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AND COLONIZATION.

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punishments; and in consequence of this want of information, or rather of the abundance of information calculated to mislead, they have in great measure been drawing a bow at a venture, in transmitting orders or regulations for the guidance of the successive governors of New South Wales.[1]

  1. In the evidence of Mr. James Busby, the present British resident at New Zealand, before the parliamentary committee on secondary punishments, in the year 1831, the following passage occurs: viz.

    "1335. What measures are taken as to the education of children born in the colony? Very ample provision is made for that; there are schools in almost every district; wherever there are a few families together, they endeavour to provide a schoolmaster of some sort or other.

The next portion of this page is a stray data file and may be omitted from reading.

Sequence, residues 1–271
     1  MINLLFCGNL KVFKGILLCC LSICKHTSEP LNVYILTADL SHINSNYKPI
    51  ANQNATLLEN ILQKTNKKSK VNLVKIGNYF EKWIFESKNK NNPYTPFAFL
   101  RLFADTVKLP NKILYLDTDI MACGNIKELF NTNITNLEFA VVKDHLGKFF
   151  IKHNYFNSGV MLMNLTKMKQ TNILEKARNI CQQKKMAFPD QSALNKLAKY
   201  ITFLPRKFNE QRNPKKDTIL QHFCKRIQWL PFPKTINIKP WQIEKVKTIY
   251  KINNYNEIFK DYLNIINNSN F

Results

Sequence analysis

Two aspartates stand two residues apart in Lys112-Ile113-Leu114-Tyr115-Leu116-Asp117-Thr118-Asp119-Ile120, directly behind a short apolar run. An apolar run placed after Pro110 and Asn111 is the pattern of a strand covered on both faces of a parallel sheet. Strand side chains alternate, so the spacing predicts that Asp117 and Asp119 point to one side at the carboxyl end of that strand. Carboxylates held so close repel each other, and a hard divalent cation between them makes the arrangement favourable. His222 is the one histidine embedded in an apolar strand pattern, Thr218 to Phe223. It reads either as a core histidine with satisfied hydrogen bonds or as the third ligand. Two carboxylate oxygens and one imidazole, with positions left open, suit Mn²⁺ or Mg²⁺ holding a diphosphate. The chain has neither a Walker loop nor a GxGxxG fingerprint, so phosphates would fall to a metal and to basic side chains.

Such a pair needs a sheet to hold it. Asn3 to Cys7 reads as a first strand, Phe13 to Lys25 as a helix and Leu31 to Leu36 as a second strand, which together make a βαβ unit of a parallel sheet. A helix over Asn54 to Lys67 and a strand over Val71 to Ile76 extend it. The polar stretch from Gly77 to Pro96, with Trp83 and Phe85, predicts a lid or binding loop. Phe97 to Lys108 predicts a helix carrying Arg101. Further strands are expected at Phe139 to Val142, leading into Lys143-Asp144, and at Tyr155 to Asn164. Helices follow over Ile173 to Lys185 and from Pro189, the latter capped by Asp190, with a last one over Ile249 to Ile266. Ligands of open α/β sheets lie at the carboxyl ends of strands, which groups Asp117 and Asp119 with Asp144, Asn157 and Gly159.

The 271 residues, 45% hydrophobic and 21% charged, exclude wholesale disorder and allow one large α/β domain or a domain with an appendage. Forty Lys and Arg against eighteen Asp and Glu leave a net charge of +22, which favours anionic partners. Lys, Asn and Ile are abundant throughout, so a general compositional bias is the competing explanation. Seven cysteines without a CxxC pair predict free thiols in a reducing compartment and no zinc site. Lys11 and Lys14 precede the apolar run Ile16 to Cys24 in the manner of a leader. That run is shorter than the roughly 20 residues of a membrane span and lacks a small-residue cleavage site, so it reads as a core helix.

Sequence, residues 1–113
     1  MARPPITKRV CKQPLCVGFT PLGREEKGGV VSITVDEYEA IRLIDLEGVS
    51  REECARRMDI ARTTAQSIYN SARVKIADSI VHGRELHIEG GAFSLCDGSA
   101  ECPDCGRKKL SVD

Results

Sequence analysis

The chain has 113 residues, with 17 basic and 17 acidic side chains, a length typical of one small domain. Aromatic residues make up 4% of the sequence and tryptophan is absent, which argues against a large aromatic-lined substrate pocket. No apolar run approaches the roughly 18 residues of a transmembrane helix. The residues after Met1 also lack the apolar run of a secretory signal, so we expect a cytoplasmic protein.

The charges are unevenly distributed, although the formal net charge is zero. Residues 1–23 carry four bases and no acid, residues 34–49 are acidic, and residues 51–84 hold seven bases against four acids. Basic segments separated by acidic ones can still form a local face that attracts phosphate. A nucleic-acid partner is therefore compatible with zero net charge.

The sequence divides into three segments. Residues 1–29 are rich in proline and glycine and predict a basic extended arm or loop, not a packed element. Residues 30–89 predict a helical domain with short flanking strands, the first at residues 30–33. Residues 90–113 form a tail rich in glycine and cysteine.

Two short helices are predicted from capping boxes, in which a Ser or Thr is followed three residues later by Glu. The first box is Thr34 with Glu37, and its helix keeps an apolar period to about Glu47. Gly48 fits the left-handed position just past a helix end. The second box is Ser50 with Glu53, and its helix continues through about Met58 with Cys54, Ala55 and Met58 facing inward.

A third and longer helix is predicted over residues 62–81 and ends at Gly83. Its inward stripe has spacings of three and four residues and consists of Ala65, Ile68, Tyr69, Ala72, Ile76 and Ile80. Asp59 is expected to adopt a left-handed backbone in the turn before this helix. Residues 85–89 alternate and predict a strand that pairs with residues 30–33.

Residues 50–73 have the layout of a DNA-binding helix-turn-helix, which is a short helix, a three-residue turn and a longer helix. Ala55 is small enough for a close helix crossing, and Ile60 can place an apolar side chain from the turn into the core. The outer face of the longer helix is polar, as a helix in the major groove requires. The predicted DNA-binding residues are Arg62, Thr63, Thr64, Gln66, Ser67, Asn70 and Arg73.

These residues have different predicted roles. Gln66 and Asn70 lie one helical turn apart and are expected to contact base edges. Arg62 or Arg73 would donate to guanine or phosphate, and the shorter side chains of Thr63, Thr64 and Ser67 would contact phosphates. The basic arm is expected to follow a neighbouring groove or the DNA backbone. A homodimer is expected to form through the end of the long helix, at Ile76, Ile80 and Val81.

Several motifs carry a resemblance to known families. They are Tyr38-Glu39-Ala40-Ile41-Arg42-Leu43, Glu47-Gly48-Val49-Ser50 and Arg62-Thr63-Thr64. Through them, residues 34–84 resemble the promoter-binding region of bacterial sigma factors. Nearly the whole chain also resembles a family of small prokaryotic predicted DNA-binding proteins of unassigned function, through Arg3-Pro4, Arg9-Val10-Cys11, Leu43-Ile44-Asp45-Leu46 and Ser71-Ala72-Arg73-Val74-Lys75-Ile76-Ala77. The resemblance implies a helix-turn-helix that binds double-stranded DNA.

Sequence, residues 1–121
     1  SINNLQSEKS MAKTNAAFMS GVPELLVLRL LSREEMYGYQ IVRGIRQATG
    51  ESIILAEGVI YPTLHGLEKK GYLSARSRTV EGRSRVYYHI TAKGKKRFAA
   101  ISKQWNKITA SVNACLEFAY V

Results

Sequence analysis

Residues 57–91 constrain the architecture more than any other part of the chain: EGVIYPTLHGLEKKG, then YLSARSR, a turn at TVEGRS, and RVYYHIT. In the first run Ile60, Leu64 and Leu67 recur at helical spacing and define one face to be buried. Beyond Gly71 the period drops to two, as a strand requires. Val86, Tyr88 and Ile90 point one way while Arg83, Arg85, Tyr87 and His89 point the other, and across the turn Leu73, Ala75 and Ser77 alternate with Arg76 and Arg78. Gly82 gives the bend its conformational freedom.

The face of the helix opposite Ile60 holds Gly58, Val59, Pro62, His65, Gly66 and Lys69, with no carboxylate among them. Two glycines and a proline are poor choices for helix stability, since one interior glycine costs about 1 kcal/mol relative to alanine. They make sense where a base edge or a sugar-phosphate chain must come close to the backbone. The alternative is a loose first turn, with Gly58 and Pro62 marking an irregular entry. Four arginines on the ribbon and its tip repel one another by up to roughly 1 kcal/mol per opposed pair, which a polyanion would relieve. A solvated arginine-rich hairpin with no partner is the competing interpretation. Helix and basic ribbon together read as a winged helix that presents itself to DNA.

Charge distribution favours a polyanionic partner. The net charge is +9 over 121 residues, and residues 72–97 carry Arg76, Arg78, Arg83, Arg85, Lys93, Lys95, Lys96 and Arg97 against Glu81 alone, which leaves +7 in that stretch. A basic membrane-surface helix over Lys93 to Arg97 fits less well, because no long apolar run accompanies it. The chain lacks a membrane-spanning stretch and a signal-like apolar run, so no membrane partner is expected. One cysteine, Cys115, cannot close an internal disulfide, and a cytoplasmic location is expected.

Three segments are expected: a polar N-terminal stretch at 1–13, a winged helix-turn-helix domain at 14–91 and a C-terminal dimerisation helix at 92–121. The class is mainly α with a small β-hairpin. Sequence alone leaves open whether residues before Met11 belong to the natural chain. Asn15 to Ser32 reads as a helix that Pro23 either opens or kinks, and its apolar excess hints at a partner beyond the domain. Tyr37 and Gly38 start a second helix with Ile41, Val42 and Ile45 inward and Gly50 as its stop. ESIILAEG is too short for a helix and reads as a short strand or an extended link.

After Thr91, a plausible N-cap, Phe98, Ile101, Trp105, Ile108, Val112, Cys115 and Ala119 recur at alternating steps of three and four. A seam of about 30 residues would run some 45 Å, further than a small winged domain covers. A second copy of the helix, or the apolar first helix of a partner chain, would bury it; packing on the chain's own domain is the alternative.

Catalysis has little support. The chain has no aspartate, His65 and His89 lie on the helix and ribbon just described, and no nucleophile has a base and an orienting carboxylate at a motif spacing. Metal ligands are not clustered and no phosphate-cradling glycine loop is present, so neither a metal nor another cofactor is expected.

"1336. At their own expense? Not altogether; partly by the government, partly by themselves. The ecclesiastical establishment is charged with that; and, in fact, it has been by the exertions of the late and present archdeacons that so many schools have been established, rather than by any desire on the part of the inhabitants of distant places, who are often very indifferent upon the subject.

    "1337. Is it an easy thing for labourers to go to a place of worship on Sunday? There are a number of clergymen in the colony, and they perform service in various places; it is generally understood that persons who have convicts in their service ought to cause their attendance, if they are within three or four miles of the place where service is performed; in all these matters there is a want of efficiency in enforcing the